And then there’s the Samsung 9000-series. This line of 3DTV features a proprietary 3D engine that can convert 2D video to 3D. But this is only a temporary measure, according to Samsung, until more 3D videos become available. This series will boast screen sizes ranging from 19 inches, up to 65 inches. When Avatar becomes available on Bluray in 3D, this TV will be waiting.
By now you’re probably wondering how many hours you will have to work to get your hands on a 3DTV. In other words, how much do they currently cost, and how much will they cost in the future? Unfortunately there is not much out there in terms of pricing, at least at the time of this writing. It is safe to say that new 3DTVs will cost more than conventional TVs. And logic says that they will cost a good penny in the beginning, but perhaps decrease in price over time as production ramps up and costs to the manufacturer deflate.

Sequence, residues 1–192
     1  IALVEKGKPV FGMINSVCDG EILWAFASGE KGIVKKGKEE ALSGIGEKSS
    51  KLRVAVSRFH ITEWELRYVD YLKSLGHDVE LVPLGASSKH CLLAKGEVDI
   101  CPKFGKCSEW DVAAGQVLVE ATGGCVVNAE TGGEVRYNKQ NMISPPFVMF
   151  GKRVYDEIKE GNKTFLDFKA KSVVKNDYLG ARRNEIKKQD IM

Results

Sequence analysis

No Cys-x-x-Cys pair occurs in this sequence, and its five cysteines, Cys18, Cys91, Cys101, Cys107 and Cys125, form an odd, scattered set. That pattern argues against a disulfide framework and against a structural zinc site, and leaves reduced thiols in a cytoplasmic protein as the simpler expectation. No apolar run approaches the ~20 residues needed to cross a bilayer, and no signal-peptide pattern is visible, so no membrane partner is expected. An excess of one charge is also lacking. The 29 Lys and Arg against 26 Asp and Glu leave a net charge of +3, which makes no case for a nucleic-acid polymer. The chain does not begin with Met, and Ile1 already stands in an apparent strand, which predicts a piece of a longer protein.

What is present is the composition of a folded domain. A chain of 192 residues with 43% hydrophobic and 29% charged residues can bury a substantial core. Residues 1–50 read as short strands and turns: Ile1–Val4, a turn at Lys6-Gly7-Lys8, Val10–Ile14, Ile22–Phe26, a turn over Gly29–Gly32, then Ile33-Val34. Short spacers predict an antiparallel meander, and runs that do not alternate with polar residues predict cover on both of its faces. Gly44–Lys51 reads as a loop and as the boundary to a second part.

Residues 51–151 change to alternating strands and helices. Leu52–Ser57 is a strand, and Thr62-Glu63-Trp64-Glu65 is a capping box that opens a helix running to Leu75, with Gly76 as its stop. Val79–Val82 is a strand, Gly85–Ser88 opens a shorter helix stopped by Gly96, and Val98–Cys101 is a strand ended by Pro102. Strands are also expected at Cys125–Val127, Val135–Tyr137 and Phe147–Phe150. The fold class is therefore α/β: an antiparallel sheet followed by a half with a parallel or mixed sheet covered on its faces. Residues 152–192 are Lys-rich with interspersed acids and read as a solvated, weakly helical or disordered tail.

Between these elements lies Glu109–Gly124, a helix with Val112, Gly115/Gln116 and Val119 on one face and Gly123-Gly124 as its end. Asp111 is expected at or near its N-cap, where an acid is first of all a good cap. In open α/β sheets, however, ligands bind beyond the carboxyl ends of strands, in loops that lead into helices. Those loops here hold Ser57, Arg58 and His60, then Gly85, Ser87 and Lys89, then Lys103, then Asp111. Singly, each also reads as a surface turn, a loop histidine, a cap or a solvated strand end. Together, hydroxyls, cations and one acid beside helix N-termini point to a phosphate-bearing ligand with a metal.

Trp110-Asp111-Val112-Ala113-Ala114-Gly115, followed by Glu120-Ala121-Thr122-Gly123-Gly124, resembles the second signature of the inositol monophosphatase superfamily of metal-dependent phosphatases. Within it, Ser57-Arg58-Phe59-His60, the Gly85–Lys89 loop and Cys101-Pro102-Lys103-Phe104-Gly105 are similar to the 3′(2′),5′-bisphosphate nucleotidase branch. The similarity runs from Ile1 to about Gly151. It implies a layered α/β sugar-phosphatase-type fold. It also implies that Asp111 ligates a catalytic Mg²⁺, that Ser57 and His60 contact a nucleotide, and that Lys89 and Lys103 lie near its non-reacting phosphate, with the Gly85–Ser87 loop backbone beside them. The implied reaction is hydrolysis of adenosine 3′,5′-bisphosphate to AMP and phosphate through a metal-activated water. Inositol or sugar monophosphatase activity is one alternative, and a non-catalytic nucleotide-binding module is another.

It is interesting to note, however, that some manufacturers are promising similar prices to high-end high-definition TVs. Phillips, for example, until last March, had a no-glasses 3DTV model on the market. But the company decided to yank it from consumers when the economy turned sour. The bottom end of pricing was $3,000 and the top end weighed in at $12,000 (depending on the model). In any case, we should find out soon if the TVs will be upmarket (targeted at high-income consumers) and if they will be adopted early or not.
The 3D Crystal Ball